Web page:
Marshalled against the Hekatonchires

for Jeremy whose brother was struck and survived

The lightning itself wasn’t so bad.
It was intense but it was pretty quick.
The recovery was harder.
Weeks she spent lying in bed unable to move.
Not paralyzed, not unconscious, just so feeble that swallowing was work.
She had to do everything consciously.
They had her on a machine that breathed for her until she relearned how to do it herself.
In out hold, said the machine. This way. In out hold.

Things went faster.
Soon she was moving around, soon she was talking.
Not fast, and not loudly, but she could do them.
When she was more or less herself again she had them take her out to the porch.
Nighttime on the twelfth floor.
She could see the city on the horizon, swellings of light.
The clouds muscled in and closed out the sky.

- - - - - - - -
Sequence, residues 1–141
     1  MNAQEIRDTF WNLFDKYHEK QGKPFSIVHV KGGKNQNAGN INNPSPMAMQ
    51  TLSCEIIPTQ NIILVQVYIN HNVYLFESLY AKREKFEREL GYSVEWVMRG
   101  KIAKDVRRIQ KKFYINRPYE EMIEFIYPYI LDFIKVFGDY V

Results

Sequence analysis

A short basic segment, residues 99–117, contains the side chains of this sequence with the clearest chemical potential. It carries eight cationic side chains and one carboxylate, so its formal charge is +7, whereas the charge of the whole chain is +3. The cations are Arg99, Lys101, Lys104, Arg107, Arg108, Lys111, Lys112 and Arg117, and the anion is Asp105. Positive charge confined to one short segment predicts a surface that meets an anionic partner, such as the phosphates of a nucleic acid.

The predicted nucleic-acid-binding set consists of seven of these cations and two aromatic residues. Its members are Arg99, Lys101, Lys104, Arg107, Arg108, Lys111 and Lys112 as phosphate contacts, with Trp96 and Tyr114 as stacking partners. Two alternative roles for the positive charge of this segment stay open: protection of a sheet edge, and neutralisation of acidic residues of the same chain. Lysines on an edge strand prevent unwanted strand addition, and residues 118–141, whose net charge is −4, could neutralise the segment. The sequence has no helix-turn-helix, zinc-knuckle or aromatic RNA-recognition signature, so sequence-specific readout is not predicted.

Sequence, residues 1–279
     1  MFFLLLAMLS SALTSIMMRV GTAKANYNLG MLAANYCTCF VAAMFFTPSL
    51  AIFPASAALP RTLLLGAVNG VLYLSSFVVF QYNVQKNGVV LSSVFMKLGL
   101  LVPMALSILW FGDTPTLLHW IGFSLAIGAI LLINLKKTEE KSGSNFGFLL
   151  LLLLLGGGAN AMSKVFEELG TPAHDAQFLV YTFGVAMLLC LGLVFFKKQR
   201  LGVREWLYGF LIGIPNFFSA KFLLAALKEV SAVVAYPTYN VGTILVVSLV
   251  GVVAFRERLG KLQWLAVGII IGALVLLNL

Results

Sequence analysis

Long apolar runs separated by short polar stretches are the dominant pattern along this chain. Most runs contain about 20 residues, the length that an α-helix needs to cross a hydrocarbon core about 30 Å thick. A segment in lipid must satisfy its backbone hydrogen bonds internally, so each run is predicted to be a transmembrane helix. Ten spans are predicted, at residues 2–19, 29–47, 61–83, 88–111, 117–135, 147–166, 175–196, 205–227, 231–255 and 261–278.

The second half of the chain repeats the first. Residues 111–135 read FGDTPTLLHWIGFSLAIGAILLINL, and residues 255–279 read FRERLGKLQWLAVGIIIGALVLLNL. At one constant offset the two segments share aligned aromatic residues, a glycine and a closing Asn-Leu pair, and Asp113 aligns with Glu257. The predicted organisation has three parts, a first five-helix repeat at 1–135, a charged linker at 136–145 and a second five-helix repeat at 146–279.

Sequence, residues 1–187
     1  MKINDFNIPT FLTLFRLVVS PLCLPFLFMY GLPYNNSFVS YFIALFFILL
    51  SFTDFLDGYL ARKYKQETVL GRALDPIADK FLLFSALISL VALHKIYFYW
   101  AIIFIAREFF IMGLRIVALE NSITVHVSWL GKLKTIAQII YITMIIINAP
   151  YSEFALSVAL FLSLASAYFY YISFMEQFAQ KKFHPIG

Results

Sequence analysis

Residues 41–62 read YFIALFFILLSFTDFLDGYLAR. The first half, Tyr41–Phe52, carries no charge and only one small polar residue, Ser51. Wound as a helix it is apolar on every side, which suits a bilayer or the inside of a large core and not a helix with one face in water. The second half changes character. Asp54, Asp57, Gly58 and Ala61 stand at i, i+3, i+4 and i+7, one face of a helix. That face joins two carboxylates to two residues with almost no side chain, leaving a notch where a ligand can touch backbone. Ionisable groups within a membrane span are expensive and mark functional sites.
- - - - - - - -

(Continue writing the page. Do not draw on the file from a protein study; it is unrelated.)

The first cold drops struck her face.
“Come back inside, miss,” said the orderly. “Please.”
“I want to stay here,” she said. “I want to watch the storm.”
She sat there on the porch while the thunder rattled.
It didn’t matter.
Just a light show.

People would find out, later.
Somehow it would always come up in conversation.
“I was struck, once.”
Voices fell silent, ice cubes rattled in drinks.
She liked the silences.
“Did,” some poor soul, eyes bright with sympathy, “did it hurt?”
“Oh, yes,” she said. “Yes. Quite a lot.”
It didn’t matter.
Just a passion play.